The British banks have warned that the expansion of Funding for Lending Scheme (FLS) will spark a rush of credit to small and medium-sized enterprises (SMEs).
The banks, although welcomed the move to improve the scheme, warned that the scheme would not, on its own, clear the credit bottleneck.
The Bank of England and Treasury officials have been working on plans to extend the FLS programme by one year to 2015. George Osborne and the Bank of England will announce an extension of the scheme by 8 May 2013.
Stephen Pegge, SME markets director at Lloyds Banking Group, told the Financial Times: “If it were to be extended I think that would be helpful, but it is not a panacea.”
The scheme will be expanded beyond the major high street banks and could include invoice finance houses, leasing firms and asset finance groups.
Shadow business secretary Chuka Umunna said: “The principle problem with this scheme is that it has reduced the cost of borrowing for businesses that can already get finance but has not improved access to finance for profitable businesses that can’t get loans at the moment. It has been a failure on that front.”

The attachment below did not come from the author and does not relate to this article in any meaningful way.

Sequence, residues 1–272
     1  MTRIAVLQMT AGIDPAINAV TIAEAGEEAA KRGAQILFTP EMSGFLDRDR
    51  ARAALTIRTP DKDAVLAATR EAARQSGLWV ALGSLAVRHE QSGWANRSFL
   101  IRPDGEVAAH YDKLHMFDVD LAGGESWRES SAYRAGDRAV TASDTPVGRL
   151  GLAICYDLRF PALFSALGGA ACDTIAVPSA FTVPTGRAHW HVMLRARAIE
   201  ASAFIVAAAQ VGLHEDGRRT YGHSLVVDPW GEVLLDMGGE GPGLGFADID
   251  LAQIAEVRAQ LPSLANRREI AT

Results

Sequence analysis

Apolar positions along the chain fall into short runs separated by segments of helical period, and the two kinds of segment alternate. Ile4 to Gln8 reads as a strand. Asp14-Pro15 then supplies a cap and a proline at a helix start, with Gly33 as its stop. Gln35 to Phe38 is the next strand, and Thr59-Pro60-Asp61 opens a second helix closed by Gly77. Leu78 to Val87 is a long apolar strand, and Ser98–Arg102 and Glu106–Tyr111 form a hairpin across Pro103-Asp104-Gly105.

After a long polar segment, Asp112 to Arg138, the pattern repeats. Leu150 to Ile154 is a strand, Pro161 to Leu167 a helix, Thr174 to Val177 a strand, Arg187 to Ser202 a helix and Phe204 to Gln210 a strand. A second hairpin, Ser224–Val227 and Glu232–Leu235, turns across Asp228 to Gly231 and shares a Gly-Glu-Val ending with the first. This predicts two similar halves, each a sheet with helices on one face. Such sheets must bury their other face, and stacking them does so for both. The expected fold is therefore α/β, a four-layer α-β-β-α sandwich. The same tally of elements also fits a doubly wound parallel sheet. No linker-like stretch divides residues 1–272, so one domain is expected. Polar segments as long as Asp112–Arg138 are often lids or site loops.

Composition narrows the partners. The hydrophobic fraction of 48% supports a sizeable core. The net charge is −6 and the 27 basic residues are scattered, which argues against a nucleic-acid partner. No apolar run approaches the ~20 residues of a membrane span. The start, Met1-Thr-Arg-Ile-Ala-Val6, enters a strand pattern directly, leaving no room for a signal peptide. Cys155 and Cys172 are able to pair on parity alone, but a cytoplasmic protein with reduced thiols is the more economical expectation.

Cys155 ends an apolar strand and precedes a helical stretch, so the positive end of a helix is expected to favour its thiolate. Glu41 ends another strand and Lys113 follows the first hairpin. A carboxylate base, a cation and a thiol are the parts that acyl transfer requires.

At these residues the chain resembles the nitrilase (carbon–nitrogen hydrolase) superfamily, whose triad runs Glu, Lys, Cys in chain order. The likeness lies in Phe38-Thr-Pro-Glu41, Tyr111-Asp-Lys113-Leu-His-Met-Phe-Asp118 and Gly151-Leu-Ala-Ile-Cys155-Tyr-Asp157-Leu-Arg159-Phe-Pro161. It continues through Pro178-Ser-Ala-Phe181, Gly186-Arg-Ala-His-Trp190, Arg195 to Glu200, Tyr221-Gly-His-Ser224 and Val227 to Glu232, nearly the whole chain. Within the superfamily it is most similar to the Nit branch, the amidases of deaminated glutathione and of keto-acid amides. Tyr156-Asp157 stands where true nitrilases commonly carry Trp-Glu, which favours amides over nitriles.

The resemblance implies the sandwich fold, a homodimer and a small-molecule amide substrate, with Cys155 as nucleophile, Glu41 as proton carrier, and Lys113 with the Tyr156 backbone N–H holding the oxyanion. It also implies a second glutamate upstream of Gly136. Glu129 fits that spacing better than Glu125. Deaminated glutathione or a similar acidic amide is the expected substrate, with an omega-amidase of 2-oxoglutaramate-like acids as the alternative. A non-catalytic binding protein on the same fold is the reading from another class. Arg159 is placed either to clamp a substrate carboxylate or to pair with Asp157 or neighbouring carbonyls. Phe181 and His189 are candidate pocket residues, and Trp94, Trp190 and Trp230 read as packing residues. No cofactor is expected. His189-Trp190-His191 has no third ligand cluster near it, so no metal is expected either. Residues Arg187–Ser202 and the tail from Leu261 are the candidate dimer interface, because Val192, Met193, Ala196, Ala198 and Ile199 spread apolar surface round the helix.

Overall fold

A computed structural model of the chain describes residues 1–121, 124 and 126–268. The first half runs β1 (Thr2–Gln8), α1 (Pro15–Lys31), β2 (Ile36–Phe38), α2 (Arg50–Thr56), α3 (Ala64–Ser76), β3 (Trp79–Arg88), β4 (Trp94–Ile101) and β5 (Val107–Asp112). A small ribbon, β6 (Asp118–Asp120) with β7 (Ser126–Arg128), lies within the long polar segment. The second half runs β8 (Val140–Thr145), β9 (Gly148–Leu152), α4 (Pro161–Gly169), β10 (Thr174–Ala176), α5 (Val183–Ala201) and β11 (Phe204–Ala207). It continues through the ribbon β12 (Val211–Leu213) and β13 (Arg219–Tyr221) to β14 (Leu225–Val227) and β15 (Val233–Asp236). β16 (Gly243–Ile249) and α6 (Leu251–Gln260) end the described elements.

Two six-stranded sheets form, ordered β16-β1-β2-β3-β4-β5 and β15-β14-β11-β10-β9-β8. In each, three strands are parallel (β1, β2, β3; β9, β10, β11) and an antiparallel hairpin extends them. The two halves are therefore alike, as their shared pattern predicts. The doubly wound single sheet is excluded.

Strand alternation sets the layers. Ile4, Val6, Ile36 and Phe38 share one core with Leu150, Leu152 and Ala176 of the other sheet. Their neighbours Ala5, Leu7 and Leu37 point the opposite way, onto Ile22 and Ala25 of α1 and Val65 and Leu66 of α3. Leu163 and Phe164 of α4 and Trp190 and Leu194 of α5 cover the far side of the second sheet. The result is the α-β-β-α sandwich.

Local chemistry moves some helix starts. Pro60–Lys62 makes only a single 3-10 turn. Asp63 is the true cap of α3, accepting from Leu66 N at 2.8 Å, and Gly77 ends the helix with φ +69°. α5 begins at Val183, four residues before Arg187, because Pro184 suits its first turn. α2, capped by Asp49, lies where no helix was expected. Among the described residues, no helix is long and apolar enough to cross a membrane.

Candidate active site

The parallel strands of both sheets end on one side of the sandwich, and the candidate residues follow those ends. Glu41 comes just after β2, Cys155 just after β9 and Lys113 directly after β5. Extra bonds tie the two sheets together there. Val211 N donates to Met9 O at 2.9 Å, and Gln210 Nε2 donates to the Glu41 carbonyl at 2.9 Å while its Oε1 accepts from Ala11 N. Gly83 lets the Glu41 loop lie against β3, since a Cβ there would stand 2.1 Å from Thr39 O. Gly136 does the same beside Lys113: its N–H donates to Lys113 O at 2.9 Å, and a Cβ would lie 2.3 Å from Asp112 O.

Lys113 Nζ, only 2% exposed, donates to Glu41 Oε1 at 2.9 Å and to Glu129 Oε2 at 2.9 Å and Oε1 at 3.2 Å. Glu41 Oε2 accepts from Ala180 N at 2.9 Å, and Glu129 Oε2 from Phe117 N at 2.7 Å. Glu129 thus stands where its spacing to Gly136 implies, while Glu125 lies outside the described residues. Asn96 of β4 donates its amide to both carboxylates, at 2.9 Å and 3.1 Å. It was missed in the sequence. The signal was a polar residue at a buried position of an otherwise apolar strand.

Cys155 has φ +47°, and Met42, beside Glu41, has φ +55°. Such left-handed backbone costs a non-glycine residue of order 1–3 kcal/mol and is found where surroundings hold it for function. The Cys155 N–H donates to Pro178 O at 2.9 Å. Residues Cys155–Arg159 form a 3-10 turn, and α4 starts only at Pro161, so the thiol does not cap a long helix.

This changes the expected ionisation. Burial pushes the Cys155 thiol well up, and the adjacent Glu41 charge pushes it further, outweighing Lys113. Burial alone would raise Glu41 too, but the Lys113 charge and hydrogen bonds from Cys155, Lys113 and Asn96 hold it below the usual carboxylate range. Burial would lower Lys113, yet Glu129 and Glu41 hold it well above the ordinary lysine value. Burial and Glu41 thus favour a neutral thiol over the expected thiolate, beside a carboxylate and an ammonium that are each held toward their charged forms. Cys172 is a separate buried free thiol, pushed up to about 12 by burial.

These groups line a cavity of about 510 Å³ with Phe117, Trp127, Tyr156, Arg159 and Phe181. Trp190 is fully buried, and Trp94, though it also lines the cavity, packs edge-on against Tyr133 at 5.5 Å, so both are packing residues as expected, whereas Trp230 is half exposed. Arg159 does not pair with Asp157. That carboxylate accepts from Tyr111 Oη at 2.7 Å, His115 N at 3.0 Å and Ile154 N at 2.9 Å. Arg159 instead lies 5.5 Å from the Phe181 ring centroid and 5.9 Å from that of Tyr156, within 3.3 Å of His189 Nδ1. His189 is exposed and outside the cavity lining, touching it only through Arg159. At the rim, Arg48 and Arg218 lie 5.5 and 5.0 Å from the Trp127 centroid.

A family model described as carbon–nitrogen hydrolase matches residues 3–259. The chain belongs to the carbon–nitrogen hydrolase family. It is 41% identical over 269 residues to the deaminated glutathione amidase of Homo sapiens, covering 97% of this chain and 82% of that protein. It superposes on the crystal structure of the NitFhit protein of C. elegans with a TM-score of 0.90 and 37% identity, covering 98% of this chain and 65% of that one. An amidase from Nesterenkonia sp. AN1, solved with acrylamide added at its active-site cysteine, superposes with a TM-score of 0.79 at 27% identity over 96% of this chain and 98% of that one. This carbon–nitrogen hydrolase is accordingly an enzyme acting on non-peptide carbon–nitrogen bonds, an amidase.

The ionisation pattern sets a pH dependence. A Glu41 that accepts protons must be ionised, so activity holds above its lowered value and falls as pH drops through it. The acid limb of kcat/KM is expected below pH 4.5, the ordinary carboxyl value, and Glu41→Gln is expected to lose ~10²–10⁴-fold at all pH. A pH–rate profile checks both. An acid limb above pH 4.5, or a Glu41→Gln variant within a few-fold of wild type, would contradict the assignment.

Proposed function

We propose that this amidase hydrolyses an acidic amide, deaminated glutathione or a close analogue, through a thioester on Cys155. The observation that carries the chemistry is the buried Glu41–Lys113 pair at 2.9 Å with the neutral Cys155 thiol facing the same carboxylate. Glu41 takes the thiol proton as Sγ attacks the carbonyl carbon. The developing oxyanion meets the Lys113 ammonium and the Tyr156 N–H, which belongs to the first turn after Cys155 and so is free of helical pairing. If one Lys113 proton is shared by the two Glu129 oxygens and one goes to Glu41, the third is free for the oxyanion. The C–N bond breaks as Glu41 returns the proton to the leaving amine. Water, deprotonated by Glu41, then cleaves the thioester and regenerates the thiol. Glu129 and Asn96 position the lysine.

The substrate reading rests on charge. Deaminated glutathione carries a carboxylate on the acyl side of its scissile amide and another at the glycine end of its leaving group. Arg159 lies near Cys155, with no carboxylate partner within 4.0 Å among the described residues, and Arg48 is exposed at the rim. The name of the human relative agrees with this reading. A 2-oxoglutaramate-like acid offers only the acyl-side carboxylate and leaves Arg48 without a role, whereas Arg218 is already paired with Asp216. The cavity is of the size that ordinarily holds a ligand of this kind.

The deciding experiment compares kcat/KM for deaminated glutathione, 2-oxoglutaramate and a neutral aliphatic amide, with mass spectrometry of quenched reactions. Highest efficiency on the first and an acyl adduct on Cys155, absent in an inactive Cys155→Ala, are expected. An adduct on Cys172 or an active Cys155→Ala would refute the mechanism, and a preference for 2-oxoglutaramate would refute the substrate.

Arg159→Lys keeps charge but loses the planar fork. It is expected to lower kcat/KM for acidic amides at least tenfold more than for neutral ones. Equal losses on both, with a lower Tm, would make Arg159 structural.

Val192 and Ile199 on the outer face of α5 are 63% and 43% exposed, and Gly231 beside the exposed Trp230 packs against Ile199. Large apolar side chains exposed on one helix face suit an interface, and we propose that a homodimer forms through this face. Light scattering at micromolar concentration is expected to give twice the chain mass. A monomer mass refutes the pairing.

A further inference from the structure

The Treasury hopes that the extension of the scheme might give the International Monetary Fund (IMF) a reason not to criticise Osborne’s deficit reduction plans.
Osborne said: “What the IMF asked us to do last year was to show flexibility and credibility and ... I demonstrated that flexibility by not chasing the debt target by taking additional measures to support the economy like the housing scheme.”
The IMF, last week, said in the US that Britain should consider imposing less austerity in the face of weak private sector demand and officials indicated they would only change their mind if the Treasury could convince them they had a plan to restore expansion.